It wasn't too long ago that some of the best money on Wall Street was made by people who could divine what the Federal Open Market Committee had done with interest rates. They would watch moves in the fed funds rate and keep an eye on the discount window and be able to tell before anyone else when the Fed had moved. And they'd make a killing in the bond pit.

In February 1994, that changed. The FOMC decided to let the market know when it changed rates, and a whole lot of people's jobs became superfluous. And in the years that followed, the Fed got more open. So much so that it's pretty much a given that when the committee meets Tuesday, it will raise the fed funds target rate a quarter point to 6%, and it will say (and this is a direct quote), that it "believes the risks are weighted mainly toward conditions that may generate heightened inflation pressures in the foreseeable future."

Prognosticating on the Federal Reserve ain't what it used to be. Not that that's a bad thing.

"The Fed's come a long distance in the way they convey their policy changes," says Mickey Levy, chief economist at

Banc of America Securities

. "It's much healthier the way they do it now."

Economists at all 30 primary dealers (the firms that deal directly with the Fed) expect a quarter-point hike, according to recent polls. And most expect the Fed will keep on tightening until there are signs that the economy, which grew at a torrid rate of 6.8% last quarter, is cooling off.

"We are seeing an economy that shows very little signs of slowing down," says Dick Berner, chief U.S. economist at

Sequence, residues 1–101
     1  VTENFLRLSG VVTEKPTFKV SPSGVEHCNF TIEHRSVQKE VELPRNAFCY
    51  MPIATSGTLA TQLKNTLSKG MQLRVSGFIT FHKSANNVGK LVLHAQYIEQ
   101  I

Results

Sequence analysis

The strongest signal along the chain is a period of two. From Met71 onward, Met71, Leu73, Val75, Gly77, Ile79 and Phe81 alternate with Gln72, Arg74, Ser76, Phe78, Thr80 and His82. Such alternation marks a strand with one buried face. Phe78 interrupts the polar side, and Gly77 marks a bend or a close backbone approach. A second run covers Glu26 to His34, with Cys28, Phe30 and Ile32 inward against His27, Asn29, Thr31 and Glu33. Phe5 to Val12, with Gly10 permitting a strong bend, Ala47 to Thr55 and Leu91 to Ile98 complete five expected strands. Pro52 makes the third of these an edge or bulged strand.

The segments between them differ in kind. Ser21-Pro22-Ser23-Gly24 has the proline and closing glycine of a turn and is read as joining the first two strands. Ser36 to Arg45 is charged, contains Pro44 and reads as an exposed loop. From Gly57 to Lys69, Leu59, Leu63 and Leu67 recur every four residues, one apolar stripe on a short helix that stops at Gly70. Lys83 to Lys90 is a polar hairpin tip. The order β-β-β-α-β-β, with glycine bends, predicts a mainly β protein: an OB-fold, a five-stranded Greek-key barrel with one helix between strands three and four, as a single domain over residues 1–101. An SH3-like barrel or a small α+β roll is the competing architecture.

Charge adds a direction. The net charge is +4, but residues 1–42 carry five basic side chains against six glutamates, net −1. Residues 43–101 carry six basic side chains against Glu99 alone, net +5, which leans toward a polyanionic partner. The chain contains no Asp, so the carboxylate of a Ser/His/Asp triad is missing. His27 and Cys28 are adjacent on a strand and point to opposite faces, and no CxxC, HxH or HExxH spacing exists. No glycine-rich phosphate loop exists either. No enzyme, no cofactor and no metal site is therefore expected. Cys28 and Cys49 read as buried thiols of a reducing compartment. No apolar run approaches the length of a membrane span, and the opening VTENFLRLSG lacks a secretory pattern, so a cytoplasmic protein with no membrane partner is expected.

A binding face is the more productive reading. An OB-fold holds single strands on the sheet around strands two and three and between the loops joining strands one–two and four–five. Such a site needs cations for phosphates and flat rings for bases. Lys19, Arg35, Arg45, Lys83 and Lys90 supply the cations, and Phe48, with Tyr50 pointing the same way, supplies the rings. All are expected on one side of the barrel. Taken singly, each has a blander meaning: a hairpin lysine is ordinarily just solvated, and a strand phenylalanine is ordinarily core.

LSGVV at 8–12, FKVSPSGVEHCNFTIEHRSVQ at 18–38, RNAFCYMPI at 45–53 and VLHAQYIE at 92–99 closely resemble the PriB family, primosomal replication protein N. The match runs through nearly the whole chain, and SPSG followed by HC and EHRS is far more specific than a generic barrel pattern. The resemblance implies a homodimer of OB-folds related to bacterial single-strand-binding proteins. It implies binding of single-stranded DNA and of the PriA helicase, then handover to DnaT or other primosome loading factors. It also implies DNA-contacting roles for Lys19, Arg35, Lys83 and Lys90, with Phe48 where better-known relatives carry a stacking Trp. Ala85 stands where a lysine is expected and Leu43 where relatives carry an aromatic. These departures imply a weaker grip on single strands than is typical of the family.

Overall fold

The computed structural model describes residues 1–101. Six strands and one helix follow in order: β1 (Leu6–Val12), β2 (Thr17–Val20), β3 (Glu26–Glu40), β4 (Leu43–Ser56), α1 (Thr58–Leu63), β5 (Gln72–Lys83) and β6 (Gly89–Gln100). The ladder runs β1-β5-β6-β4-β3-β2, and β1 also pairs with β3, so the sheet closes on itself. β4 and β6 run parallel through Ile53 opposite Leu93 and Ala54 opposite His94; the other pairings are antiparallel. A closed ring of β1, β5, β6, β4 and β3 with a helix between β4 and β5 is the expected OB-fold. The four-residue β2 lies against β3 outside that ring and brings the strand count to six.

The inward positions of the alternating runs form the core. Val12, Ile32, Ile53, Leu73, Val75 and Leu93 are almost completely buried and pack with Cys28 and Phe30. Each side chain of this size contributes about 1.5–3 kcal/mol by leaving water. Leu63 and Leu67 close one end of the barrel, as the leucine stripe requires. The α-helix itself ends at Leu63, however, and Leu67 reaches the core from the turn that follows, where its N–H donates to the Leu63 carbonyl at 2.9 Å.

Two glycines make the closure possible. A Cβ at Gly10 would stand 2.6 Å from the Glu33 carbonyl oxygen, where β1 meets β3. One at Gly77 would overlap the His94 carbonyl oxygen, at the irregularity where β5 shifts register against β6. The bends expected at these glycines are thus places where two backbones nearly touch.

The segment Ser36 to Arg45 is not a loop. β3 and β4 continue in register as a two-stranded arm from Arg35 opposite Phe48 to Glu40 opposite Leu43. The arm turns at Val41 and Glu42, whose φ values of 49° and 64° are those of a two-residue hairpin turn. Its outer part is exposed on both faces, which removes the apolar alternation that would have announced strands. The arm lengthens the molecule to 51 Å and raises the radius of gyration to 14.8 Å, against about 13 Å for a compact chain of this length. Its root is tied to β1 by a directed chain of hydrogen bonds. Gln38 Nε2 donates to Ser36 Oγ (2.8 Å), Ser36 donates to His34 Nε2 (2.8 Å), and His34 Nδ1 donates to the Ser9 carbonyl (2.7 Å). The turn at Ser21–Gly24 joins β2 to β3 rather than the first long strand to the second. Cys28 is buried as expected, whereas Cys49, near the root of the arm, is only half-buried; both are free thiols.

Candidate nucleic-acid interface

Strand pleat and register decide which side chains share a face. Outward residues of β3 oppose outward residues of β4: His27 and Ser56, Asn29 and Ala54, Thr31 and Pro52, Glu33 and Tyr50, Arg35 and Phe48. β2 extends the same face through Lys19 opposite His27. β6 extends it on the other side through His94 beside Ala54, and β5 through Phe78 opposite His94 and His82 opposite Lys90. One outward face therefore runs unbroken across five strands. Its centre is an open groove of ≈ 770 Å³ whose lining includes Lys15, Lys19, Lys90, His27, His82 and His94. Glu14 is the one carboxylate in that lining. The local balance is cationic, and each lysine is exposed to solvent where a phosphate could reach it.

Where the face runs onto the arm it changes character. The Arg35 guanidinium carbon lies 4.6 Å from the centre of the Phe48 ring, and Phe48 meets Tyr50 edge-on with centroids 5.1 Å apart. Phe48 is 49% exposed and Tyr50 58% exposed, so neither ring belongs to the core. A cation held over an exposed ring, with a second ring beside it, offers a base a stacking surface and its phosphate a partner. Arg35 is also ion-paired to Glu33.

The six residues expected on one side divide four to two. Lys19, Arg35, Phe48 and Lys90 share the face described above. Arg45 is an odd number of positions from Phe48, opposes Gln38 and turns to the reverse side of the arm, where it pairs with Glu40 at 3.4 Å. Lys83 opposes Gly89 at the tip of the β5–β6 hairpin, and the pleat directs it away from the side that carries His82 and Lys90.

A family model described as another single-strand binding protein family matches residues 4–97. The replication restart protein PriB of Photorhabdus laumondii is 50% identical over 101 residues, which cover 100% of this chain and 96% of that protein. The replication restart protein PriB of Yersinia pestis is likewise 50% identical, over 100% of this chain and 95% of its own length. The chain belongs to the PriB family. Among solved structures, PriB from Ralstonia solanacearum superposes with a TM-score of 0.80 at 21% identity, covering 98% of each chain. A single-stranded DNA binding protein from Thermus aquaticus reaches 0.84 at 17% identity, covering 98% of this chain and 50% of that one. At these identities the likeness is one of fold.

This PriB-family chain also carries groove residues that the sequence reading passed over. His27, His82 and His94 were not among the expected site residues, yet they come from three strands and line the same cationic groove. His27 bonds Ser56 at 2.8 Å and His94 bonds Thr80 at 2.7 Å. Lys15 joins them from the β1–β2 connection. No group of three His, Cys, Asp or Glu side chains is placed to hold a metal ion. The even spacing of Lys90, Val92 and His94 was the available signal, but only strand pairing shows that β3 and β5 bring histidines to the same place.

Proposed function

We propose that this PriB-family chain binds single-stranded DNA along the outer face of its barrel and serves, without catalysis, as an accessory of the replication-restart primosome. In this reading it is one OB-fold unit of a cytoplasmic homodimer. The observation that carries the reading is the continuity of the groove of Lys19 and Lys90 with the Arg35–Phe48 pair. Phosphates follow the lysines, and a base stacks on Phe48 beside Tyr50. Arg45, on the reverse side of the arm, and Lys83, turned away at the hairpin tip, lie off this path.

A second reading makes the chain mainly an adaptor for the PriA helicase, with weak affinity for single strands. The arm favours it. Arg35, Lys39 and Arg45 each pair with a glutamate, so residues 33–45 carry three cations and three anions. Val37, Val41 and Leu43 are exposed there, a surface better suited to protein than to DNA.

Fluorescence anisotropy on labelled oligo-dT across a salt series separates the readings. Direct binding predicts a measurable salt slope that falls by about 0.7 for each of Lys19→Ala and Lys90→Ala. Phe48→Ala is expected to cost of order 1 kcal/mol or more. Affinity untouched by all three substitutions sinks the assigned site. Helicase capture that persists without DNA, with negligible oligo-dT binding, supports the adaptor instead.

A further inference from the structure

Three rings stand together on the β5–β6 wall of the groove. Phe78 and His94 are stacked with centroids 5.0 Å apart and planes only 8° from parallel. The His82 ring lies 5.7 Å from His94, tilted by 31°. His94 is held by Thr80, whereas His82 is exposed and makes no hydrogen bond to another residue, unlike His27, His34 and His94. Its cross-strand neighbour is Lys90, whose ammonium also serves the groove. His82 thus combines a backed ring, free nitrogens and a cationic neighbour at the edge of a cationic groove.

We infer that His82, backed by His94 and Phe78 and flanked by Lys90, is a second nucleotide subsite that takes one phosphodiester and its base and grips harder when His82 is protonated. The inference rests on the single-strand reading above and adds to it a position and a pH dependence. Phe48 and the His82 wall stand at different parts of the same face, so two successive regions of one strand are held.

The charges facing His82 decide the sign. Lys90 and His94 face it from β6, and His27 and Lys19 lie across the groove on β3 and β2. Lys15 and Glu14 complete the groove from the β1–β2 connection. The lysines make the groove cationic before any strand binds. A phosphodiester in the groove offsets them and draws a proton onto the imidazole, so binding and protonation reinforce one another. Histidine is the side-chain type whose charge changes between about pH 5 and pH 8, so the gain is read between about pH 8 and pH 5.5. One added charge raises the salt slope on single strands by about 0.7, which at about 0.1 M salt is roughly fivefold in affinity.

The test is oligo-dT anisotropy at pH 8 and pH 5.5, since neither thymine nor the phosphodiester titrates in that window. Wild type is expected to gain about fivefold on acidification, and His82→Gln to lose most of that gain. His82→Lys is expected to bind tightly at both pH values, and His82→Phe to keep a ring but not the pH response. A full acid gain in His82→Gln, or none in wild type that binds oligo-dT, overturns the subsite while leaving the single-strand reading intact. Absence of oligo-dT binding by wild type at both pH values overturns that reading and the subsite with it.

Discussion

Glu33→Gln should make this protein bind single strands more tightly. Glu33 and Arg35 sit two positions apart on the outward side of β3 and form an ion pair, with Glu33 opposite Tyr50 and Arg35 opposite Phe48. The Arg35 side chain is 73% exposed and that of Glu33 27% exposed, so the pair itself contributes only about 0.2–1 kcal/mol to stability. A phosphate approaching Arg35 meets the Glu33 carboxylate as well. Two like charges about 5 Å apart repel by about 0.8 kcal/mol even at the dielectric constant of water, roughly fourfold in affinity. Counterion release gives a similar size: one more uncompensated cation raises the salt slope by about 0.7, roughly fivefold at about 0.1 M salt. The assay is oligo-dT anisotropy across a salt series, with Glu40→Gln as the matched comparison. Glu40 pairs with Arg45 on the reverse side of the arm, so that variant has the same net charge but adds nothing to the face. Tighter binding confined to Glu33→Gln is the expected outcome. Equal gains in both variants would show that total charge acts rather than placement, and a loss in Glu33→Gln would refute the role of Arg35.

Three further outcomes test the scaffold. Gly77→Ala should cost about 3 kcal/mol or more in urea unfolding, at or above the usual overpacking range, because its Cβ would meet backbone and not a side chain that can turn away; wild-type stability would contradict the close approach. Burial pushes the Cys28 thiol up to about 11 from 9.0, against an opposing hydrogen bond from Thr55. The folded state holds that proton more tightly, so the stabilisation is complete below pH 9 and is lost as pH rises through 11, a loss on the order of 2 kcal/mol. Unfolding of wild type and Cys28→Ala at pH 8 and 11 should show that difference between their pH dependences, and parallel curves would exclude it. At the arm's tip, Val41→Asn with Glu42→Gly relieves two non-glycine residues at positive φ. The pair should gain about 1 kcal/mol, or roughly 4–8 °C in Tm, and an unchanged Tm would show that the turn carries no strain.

Morgan Stanley Dean Witter

. "As a consequence, the Fed has more work to do."

But it is also unlikely that the Fed will raise rates at anything more than a moderate, quarter-point-by-quarter-point pace. Though energy prices are running higher, there's little evidence of inflation infecting prices of other goods.

"Only if we see clear signs of an uptick in inflation will they get more aggressive," says

Goldman Sachs

director of U.S. economic research Bill Dudley. Greenspan's "not trying to kill anything."

Yet if there ever were an uptick in inflation, it would be a matter of grave concern. The major imbalance in the economy right now is the incredibly tight labor market. "We know that labor markets cause the slowest, most creeping inflation we get," says Diane Swonk, deputy chief economist at

Bank One

. "Once it comes, it's also the hardest to get rid of."

Bearing that in mind, the Fed will probably stick to gradually raising rates until things cool.

"The risk in them tightening and trashing the economy is close to zero," says Don Fine, chief market analyst at

Chase Asset Management

. "The unemployment rate is at 4.1%. Nobody's hurting. There's very little cost in doing this now. And the cost of having inflation pick up unexpectedly would be tremendous."